The 2018 Vatican-China agreement, which ceded a measure of control over episcopal appointments in China to the Communist government, is set to expire in September. Negotiations to extend that deal could determine the nomination of Su's successor and influence the current treatment of Catholics in China.
According to report, released July 28, a Chinese state-sponsored group has targeted the Vatican and other Catholic organizations with cyberattacks to gain an advantage in negotiations and monitor the Holy See's communications with the Diocese of Hong Kong.
"We urge the Vatican to make determining his [Bishop Su] fate a priority during any ongoing negotiation with the Chinese government, and to refuse to recognize any replacement bishop for Baoding city in Hubei province," Turkel said of negotiations between the Vatican and China on a renewal of the agreement.
If Bishop Su is dead, then the "choosing of his replacement could occur under the terms of this agreement," Dr. Tom Farr said of the current agreement. Farr is the president of the Religious Freedom Institute.
While the deal was meant to bring about the unification of the CPCA with the underground Church in China loyal to Rome, Christians have continued to be harassed and persecuted, and at least 50 mainland dioceses in China are without bishops due to gridlock in new appointments.
The resulting situation for many underground Catholics in China has been one of immense tension, Farr said.
"I think they are being pressured in an extraordinary sense," Farr said, in that they are pressed by the government to join the CCPA but also "they feel abandoned by the Holy See."
At the same time, anywhere from 800,000 to 1.8 million Uyghurs in the country's northwestern province of Xinjiang are estimated to have been detained in a system of more than 1,300 camps. Consistent accounts have emerged from the region, detailing anti-religious indoctrination, torture, forced sterilization, and other abuses committed against those in camps.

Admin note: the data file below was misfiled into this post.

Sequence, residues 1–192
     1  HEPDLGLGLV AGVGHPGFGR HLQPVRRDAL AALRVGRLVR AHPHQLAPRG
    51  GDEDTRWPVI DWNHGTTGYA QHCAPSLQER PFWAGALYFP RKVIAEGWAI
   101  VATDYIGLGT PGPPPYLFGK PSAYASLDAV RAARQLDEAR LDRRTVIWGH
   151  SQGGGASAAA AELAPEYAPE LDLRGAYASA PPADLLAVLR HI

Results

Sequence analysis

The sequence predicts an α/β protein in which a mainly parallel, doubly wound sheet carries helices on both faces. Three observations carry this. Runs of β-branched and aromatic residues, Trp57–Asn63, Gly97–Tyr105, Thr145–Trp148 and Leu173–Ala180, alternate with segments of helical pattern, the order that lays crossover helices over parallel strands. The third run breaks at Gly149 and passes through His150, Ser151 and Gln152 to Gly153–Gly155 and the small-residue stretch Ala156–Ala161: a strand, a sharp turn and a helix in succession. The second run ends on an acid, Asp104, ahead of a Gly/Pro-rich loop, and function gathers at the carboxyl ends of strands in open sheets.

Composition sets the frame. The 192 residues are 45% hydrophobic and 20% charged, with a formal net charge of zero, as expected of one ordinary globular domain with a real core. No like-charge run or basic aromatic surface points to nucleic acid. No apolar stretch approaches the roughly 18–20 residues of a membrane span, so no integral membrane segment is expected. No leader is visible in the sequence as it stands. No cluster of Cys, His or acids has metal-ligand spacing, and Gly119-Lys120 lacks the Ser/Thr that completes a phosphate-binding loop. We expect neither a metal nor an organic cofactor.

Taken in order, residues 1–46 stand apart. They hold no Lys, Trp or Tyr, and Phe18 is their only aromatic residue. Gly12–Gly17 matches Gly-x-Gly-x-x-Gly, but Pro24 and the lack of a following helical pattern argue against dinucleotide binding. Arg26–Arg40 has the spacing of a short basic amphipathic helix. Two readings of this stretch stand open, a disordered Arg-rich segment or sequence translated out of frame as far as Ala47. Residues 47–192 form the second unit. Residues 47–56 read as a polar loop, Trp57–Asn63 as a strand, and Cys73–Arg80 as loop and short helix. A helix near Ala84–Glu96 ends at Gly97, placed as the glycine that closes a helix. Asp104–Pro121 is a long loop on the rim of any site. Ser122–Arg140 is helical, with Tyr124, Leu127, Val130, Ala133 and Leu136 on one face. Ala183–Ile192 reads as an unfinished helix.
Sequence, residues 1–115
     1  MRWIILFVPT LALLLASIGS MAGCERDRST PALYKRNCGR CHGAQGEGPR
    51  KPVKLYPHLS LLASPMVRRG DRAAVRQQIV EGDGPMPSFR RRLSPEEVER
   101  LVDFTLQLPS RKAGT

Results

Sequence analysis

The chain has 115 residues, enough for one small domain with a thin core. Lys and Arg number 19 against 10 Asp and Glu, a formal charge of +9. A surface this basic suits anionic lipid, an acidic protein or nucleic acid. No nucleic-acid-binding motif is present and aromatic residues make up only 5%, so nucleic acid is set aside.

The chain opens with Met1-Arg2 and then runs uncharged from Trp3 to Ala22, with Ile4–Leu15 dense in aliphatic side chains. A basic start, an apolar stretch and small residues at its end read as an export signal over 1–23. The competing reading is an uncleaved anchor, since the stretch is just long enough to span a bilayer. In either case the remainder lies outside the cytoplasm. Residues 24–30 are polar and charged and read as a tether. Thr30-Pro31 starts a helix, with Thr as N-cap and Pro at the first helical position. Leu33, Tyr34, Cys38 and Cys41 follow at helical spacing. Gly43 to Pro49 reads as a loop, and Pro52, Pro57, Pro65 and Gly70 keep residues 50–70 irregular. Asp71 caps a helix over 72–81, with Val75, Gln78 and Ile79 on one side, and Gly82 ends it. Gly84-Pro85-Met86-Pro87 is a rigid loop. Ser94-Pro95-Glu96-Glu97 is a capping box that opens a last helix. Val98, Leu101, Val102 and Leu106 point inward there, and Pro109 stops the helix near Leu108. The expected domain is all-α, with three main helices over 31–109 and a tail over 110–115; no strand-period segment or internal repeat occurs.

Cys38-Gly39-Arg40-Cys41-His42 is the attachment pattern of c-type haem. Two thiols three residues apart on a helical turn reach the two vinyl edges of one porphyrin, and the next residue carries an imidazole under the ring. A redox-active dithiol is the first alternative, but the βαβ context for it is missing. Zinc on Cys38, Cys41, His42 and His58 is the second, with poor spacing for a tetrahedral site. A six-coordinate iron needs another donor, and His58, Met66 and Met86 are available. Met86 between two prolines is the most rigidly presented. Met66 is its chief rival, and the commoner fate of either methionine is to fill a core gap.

Many Uyghurs have reportedly been forced to work in factories or agriculture inside and outside of the detention camps, or have been moved by the authorities to other factories throughout China. Citizens of Xinjiang outside the camps are subject to a system of mass surveillance and predictive policing.
The Catholic Church must be speaking out more forcefully on the situation in Xinjiang, Farr said.
"And the Pope has spoken out about this, but I sense that because of the desire not to offend the Chinese, some within the Catholic hierarchy are pulling their punches. This is just flatly un-Catholic.," he said.
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"It is the Catholic position that every human being ought to have religious freedom, it is deeply theological."
The regime of Xi Jinping "both understands and fears the power of religion," Farr said.
Catholicism, he said, "poses a particular difficulty" to the CCP because of its "distinct doctrine" and "teaching authority" of bishops in communion with the Pope.
Nina Shea, director of the Center for Religious Freedom at the Hudson Institute, said that the Chinese Communist Party sees Christianity as dangerously "successful" with so many followers worldwide, and the underground Church in China as the "only nationally-supported institution with an ideology, belief system, separate from the Communist Party."
Consequently, Shea said, the Chinese Communist Party is intolerant of the very existence of underground churches separate from their party system.